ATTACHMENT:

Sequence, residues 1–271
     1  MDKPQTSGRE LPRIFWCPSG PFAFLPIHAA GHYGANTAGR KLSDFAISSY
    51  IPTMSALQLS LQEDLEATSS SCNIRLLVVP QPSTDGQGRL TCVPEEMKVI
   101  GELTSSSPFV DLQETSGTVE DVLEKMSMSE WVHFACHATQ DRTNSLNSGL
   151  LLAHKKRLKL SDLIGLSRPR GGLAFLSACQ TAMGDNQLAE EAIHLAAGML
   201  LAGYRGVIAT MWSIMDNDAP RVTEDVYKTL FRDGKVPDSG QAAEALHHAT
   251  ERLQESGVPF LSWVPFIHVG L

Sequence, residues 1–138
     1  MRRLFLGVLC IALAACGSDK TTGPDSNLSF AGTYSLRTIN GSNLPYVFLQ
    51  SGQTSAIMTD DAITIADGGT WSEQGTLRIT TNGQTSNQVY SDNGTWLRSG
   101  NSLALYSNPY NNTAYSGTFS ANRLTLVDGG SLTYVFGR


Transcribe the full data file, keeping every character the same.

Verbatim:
Sequence, residues 1–271
     1  MDKPQTSGRE LPRIFWCPSG PFAFLPIHAA GHYGANTAGR KLSDFAISSY
    51  IPTMSALQLS LQEDLEATSS SCNIRLLVVP QPSTDGQGRL TCVPEEMKVI
   101  GELTSSSPFV DLQETSGTVE DVLEKMSMSE WVHFACHATQ DRTNSLNSGL
   151  LLAHKKRLKL SDLIGLSRPR GGLAFLSACQ TAMGDNQLAE EAIHLAAGML
   201  LAGYRGVIAT MWSIMDNDAP RVTEDVYKTL FRDGKVPDSG QAAEALHHAT
   251  ERLQESGVPF LSWVPFIHVG L

Sequence, residues 1–138
     1  MRRLFLGVLC IALAACGSDK TTGPDSNLSF AGTYSLRTIN GSNLPYVFLQ
    51  SGQTSAIMTD DAITIADGGT WSEQGTLRIT TNGQTSNQVY SDNGTWLRSG
   101  NSLALYSNPY NNTAYSGTFS ANRLTLVDGG SLTYVFGR